Quick-detach rings are scope rings that clamp to standard cross-slot bases by tightening thumb levers located on the rings themselves.
They are almost as easy to attach to their bases initially as they are to detach.
Turn the thumb levers of both quick-detach rings fully counterclockwise to open the jaws.
Wipe the cross-screws and the insides surfaces of the ring jaws with a gun cleaner-degreaser patch to remove crud.
Also wipe the cross-slot and rails of the bases.
Orient both rings so the levers will be on the side opposite the ejection (usually the left side).
Place the rear ring in the closest cross-slot behind the ejection port. Turn its thumb lever clockwise to clamp the jaw to the base.
The lever may require several turns or as little as 1/2 turn to tighten depending on the brand and style.
Place the forward scope ring in the forward-most cross-slot.
(If you discover later that the scope tube is too short to span between the rings, you can quickly detach the front ring and reposition it a slot or two rearward.)
Tighten its lever by turning counterclockwise also.
Lightly tap the fixed jaw side of each ring toward the receiver a few times with a mallet to settle them onto their bases. Then try to turn the thumb levers tighter.
If the thumb levers tightened any more, lightly tap the fixed jaw side again and try to re-tighten the levers.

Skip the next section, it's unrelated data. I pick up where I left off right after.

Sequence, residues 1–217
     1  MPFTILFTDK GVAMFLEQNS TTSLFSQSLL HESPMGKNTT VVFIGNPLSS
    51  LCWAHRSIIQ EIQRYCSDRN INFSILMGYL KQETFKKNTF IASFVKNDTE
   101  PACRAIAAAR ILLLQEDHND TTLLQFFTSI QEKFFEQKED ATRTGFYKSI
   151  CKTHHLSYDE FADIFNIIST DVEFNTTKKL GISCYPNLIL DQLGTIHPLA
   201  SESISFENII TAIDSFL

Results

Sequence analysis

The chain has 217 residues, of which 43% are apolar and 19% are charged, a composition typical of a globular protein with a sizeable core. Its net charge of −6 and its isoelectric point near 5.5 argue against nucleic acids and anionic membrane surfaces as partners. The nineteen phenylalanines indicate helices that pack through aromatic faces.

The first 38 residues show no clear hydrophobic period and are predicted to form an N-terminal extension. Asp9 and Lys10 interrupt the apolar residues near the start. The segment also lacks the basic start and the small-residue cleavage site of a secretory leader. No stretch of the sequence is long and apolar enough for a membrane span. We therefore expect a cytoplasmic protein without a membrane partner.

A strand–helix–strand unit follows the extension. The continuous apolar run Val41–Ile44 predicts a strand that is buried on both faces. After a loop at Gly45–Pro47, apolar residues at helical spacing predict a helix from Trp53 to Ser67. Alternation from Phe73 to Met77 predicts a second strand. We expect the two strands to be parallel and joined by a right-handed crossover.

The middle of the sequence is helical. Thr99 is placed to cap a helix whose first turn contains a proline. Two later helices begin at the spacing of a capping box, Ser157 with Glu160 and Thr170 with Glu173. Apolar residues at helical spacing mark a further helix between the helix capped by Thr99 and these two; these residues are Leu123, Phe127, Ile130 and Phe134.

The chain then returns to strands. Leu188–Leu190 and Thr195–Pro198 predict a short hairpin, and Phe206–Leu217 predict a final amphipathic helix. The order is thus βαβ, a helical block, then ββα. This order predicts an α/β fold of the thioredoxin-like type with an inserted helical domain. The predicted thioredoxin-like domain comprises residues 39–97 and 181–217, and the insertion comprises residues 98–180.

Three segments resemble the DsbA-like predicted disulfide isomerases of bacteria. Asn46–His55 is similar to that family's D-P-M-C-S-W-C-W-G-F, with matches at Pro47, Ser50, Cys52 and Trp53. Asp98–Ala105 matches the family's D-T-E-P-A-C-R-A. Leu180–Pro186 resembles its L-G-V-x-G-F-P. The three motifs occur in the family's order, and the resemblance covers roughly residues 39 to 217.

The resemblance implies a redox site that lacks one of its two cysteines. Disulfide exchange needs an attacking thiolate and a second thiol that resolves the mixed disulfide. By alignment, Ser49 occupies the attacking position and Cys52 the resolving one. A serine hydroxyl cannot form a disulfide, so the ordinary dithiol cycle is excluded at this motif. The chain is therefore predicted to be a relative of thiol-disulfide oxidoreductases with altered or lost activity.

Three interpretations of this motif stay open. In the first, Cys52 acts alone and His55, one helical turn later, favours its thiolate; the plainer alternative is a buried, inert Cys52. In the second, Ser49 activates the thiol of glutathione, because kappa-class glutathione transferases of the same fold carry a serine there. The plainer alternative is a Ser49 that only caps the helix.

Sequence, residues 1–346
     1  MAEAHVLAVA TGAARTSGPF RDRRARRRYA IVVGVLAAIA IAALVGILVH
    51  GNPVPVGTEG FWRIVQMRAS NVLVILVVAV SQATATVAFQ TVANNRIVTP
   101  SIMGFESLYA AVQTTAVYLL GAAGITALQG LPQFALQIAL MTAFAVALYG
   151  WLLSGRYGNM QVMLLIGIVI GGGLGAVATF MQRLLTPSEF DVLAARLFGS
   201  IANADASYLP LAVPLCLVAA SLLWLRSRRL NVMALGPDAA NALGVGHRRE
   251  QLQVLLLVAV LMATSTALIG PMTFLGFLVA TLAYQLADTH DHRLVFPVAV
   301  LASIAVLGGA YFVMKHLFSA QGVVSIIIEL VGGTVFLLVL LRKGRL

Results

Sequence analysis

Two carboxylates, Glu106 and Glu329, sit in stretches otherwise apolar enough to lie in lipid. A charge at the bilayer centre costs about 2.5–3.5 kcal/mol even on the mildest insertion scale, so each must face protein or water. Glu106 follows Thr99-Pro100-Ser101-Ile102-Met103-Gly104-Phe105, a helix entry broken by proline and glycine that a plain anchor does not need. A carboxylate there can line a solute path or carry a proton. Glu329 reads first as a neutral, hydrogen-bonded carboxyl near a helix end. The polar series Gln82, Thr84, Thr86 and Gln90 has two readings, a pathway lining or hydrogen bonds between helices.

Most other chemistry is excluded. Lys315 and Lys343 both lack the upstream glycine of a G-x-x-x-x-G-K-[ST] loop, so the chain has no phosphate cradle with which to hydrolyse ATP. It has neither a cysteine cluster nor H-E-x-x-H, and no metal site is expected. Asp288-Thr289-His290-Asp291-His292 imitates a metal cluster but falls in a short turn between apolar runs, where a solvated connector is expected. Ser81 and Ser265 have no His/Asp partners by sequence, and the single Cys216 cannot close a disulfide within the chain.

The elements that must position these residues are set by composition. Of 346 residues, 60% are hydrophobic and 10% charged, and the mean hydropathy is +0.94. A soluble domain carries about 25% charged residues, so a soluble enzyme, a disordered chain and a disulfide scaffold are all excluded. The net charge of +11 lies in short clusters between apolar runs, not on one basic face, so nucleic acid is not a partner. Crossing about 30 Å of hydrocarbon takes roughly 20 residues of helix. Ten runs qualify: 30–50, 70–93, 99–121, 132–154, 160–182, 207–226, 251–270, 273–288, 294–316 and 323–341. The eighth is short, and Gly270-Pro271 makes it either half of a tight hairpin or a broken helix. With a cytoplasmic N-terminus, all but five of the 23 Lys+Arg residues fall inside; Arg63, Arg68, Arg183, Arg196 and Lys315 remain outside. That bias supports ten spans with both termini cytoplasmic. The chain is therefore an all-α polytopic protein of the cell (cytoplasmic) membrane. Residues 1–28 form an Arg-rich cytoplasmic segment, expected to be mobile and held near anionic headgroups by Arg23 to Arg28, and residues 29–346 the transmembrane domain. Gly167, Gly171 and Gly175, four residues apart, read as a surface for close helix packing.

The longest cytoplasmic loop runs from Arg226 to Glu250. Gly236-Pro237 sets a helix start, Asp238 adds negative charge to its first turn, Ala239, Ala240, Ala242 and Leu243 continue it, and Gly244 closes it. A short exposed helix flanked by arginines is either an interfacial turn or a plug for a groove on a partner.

With any luck, the levers will be pointed rearward when the jaws are tight so they will be less likely to loosen if snagged on a branch while hunting.
The thumb levers of some brands of quick-detach rings such as Warne® Maxima™ rings can be repositioned out of the way after tightening without loosening the jaws.
Cross-Slot Rings & Tactical Rings
Cross-slot (Weaver-style) rings, of course, attach to cross-slot bases.
Loosen the nuts or screws (whichever your rings have) on the cross-slots and open the clamp jaws.
Wipe the cross-slots and the rails of the bases and the cross-screw and inside surfaces of the ring jaws with gun cleaner-degreaser to remove gunk.
Position each ring at the forward-most slot on its respective base for now. (You can reposition the front ring a slot or two rearward later if you discover the scope tube does not span between the rings.)
Align the cross-screw or the recoil tab with a cross-slot. Whether your rings have nuts or screws, both nuts or both screw heads should be on the same side.
Position the nuts on the side of the receiver opposite of the ejection port so the nuts will not interfere with case ejection.
(Position the nuts on the left side if your rifle ejects to the right; on the right side if your rifle ejects to the left.)
Turn the nut (or screw) on each ring clamp until the rings are tight on the bases.
Lightly tap the fixed jaw side of both rings toward the receiver a few times with a mallet to settle them onto their bases. Now tighten each ring to its base just a bit more.